Besides preventing providers from selling data to marketers without explicit consent, the rules keep providers from “snooping” through your web traffic and injecting ads based on what you’re browsing, according to the Electronic Frontier Foundation. Providers could also preinstall software that tracks browsing on your mobile phone and “hijack” your searches on search engines, sending you directly to websites that pay providers to detour traffic in their direction instead of showing you the normal list of search engine results.
In other words, the repeal would block Obama-era privacy protections designed to prevent your personal online data from becoming an all-out corporate commodity.
“Consumers in fact need more privacy protections, not less,” Harris said.
The FCC introduced the privacy protections last year after its landmark net neutrality decision allowed the agency to regulate the internet more like a public utility everyone needs, rather than a luxury service. Internet service providers have been trying to squirm out from under the ruling ever since.
In a letter to top members of Congress in January supporting a repeal of the privacy rules, a number of telecom and advertising industry groups said the FCC rule would “stifle innovation” and prevent consumers from receiving “customized services” and information about “new products and offers.”
Republican Sen. Jeff Flake of Arizona, who sponsored the resolution to repeal the privacy rules in the Senate, argued in a recent op-ed that a repeal would protect “consumer choice” by allowing providers to “inform customers about innovative and cost-saving product offerings.”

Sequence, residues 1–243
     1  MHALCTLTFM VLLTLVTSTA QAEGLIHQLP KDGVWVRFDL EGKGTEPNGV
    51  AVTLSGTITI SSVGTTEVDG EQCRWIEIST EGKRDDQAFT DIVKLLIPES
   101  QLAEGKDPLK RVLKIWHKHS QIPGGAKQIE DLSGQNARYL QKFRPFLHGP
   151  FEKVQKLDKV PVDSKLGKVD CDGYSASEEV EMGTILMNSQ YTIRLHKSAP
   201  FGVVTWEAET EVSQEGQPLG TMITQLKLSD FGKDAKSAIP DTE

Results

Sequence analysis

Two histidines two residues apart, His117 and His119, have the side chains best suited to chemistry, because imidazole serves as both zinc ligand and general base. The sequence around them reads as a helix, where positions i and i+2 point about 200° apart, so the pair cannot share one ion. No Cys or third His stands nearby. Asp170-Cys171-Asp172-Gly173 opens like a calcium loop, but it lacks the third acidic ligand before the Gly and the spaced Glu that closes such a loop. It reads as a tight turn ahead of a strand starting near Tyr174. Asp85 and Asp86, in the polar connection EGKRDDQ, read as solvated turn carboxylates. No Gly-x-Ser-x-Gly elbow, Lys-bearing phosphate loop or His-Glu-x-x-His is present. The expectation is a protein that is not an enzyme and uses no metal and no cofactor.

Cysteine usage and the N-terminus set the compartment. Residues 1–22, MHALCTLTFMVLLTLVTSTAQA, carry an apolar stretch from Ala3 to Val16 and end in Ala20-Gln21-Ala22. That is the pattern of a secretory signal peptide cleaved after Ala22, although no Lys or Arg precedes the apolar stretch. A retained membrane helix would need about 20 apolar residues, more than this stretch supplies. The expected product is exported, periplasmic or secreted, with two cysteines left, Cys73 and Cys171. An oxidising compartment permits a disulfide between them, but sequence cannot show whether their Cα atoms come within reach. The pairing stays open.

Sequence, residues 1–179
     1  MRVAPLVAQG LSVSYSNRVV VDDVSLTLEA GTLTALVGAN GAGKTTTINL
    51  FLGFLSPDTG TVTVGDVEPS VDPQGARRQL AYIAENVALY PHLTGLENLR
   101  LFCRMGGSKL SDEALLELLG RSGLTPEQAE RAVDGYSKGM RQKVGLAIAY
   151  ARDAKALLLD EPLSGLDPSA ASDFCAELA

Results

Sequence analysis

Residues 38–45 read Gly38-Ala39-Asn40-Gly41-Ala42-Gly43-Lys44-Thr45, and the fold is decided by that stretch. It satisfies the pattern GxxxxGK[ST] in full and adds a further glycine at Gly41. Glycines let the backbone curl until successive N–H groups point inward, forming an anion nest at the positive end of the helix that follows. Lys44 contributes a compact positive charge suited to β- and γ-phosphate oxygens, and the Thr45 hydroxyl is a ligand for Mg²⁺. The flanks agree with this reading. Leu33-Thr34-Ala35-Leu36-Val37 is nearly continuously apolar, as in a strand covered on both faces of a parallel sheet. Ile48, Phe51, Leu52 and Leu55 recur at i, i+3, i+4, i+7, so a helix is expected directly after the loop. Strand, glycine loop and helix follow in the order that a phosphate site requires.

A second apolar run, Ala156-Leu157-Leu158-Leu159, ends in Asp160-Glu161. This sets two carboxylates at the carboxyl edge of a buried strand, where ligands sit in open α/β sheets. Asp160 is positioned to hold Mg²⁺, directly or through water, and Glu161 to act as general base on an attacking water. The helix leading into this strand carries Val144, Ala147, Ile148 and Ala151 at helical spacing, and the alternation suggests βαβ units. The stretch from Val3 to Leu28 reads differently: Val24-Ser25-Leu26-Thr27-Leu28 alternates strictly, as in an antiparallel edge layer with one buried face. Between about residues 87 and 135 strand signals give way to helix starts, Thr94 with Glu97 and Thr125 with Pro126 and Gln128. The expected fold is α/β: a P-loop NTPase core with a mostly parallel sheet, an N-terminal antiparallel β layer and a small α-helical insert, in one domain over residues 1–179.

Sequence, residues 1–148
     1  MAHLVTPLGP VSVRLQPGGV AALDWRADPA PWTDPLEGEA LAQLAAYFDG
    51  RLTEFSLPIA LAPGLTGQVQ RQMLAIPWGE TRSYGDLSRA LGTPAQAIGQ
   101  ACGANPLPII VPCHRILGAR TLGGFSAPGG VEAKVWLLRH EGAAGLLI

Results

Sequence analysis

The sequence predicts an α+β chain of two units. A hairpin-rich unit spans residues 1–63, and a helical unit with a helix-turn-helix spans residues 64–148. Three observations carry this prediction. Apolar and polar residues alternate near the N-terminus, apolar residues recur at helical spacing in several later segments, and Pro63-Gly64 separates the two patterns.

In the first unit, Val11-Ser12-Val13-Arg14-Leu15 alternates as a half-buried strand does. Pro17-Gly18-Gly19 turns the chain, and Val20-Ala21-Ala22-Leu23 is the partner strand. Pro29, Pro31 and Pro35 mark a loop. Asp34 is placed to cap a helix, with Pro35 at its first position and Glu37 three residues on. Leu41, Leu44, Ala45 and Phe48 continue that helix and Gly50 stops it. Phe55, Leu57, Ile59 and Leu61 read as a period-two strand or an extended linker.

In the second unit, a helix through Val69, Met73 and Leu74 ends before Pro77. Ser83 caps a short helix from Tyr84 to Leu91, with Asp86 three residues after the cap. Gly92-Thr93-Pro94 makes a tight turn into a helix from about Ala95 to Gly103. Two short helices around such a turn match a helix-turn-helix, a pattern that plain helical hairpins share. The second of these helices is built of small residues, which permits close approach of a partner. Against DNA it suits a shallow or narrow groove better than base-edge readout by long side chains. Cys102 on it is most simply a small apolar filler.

Like the industry, Flake criticized the FCC for taking over privacy regulations for internet providers from the Federal Trade Commission (FTC) after designating the internet a “common carrier” to establish the net neutrality protections. The FTC sets privacy standards for websites like Facebook, which routinely sells user data to advertisers.
The industry complains that meeting privacy standards set by the FCC gives web platforms that gather user data under FTC rules a competitive advantage, especially when it comes to selling data to marketers.
However, advocates argue that web platforms like Facebook are very different than companies like Cox or AT&T. Consumers have a choice whether to use Facebook, but in many markets, consumers can only choose between a few internet service providers.
Some Republicans have suggested that better privacy protections are forthcoming, but Flake’s bill would repeal the rules under the Congressional Review Act (CRA), a tool that Republicans are using to dismantle a long list of Obama-era regulations. Under the CRA, the FCC would be barred from establishing similar privacy rules in the future.
Tim Karr, a spokesman for the digital rights group Free Press, said there are no rules on the books at the FTC to replace them.
“One of the reasons [Republicans] have rushed this to a vote, I believe, is partly because they want to pass it before activists and the public at large catch on,” Karr said, adding that lawmakers also have limited time to act under the CRA. “They are not protecting consumers.… They are actually taking away essential privacy rights.”
A recent report at Vocativ shows that the industry gave $1.7 million in campaign donations to the 22 senators who supported the bill.
“The conservative party I know was always a fan of privacy in the past, so it’s really not clear what they are trying to do here besides assuage the industry lobbyists — no other way to explain it,” Harris said.
Harris and Karr agreed that the Republican-controlled Congress has shown that it can be influenced by public opinion, most recently when a number of Republicans dropped their support for the proposal to repeal the Affordable Care Act. Republicans are trying to repeal the privacy rules before consumers have a chance to notice — but if enough voters catch on, perhaps they will drop their support for this bill, too.